Browse Prior Art Database

Combined Status Poll and Completion Barrier

IP.com Disclosure Number: IPCOM000114958D
Original Publication Date: 1995-Feb-01
Included in the Prior Art Database: 2005-Mar-30
Document File: 2 page(s) / 57K

Publishing Venue

IBM

Related People

Arndt, RL: AUTHOR [+2]

Abstract

The general structure of a computer system is shown in the Figure. In such a system, Programmed Input and Output (PIO) operations from the device driver may be queued in various locations in the system. In order for the device driver to assure that an operation has completed and completed properly, the device driver must generally perform a two step operation. First, it must assure that the operation is complete and second, it must get some kind of indication that the operation completed without error.

This text was extracted from an ASCII text file.
This is the abbreviated version, containing approximately 62% of the total text.

Combined Status Poll and Completion Barrier

      The general structure of a computer system is shown in the
Figure.  In such a system, Programmed Input and Output (PIO)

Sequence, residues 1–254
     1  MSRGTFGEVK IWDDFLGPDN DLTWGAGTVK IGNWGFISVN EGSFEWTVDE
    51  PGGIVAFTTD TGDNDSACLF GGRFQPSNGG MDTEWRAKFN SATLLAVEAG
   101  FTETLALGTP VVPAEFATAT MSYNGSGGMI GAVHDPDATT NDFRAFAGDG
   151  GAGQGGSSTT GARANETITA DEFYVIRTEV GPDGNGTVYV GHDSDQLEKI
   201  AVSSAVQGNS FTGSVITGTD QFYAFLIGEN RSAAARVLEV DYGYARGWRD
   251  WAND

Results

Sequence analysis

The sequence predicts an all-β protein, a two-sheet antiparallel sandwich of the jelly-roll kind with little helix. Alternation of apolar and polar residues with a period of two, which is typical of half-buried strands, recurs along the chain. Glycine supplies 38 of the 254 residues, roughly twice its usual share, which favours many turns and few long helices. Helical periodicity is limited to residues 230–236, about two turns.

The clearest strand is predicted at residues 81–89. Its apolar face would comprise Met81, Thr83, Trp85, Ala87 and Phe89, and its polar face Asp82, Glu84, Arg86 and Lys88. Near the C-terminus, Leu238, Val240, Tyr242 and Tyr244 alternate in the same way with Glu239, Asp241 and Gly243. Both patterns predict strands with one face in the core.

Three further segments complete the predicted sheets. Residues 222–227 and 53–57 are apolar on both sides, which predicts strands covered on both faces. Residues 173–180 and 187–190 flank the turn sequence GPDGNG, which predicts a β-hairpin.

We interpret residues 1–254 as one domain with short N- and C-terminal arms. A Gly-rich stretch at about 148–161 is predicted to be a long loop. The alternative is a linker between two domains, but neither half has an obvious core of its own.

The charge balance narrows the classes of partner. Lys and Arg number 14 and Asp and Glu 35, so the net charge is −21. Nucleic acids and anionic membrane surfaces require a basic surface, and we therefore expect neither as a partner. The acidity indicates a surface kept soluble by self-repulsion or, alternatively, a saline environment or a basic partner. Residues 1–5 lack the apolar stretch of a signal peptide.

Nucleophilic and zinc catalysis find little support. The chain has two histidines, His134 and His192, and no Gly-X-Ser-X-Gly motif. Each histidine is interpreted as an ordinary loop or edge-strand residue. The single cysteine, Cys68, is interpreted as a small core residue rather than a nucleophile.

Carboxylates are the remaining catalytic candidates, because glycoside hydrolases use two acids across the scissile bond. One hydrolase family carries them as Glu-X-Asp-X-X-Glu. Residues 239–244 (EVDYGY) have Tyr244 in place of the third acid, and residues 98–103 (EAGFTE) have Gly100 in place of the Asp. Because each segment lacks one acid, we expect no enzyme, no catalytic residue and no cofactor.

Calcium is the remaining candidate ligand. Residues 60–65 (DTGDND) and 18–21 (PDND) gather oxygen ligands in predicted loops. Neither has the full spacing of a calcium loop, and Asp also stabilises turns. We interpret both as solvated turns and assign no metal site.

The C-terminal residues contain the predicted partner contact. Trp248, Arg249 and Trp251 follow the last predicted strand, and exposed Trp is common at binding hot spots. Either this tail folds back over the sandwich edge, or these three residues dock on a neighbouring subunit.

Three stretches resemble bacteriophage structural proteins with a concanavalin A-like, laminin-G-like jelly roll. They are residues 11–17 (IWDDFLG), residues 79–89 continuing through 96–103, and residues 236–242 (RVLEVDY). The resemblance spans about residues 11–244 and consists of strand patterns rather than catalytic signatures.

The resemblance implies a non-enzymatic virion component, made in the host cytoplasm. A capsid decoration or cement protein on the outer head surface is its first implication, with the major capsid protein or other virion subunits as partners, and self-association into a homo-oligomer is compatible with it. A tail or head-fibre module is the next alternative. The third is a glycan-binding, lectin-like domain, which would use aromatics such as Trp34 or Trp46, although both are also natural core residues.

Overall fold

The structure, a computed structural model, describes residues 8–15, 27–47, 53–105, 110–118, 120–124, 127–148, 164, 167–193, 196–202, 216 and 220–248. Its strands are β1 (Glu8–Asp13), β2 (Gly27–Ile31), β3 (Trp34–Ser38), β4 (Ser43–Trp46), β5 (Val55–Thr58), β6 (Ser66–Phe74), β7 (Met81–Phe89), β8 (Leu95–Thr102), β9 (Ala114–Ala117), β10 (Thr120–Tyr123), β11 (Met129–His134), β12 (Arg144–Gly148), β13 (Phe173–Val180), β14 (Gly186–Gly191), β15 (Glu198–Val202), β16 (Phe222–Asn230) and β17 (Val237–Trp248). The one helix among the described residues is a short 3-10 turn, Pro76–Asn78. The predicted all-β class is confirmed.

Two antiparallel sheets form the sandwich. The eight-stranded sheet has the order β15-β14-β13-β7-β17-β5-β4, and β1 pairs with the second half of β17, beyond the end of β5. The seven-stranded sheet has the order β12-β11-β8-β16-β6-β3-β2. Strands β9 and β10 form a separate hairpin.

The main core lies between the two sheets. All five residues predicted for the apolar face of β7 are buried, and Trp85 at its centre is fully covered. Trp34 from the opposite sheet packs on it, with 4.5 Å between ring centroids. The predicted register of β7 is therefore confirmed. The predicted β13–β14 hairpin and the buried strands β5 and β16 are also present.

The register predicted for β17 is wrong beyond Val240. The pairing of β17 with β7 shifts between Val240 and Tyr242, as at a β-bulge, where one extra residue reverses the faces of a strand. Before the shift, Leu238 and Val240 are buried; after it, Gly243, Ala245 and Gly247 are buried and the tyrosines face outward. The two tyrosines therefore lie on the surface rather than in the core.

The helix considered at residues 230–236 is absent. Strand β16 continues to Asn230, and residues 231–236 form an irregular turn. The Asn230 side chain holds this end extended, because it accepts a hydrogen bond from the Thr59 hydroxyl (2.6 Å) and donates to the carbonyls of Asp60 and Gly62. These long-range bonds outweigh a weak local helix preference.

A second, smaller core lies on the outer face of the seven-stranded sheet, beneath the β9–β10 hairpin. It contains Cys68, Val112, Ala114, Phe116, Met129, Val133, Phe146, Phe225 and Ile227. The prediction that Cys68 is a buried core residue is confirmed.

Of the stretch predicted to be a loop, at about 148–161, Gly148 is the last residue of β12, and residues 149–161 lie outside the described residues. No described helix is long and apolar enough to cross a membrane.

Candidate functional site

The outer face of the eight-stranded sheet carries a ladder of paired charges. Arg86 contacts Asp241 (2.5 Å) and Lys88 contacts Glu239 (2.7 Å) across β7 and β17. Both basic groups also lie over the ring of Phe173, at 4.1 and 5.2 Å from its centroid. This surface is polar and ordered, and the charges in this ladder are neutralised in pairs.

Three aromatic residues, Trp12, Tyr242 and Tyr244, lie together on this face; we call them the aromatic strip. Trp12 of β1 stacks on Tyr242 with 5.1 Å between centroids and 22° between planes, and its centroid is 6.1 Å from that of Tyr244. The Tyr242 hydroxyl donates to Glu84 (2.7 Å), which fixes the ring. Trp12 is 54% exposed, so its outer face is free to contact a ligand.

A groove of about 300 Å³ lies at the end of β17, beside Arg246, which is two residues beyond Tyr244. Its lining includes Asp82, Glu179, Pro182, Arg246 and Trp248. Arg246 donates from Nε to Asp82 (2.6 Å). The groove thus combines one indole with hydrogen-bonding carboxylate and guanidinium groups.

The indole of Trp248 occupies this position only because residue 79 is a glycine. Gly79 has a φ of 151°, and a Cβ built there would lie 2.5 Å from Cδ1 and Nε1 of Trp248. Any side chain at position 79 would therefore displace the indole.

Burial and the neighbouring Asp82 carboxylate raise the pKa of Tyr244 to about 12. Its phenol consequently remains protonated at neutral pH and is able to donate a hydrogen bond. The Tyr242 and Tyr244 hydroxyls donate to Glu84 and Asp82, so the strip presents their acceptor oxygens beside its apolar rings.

operations from the device driver may be queued in various locations
in the system.  In order for the device driver to assure that an
operation has completed and completed properly, the device driver
must generally perform a two step operation.  First, it must assure
that the operation is complete and second, it must get some kind of
indication that the operation completed without error.

      Various I/O subsystems have taken various approaches to this
problem.  For example, some systems (especially Mult-Processor
systems) have some sort of synchronizing (SYNC) instruction.  This
SYNC instruction, when issued, assures that all operations which all
processors have outstanding in the system, are complete.  This
operation is then used to assure the PIO from the device driver has
been accepted by the device before a status register is read from the
device to check for successful completion.  The problem with this
approach is that it is very expensive from a performance standpoint,
since it forces all processors to wait for all operations to complete
before proceeding.

Fortunately, the Bus Unit Controller can reduce the SYNC overhead.
It contains all the information needed for signaling completion and
success.  We do this with an error status register in the Bus Unit
Controller.  The register...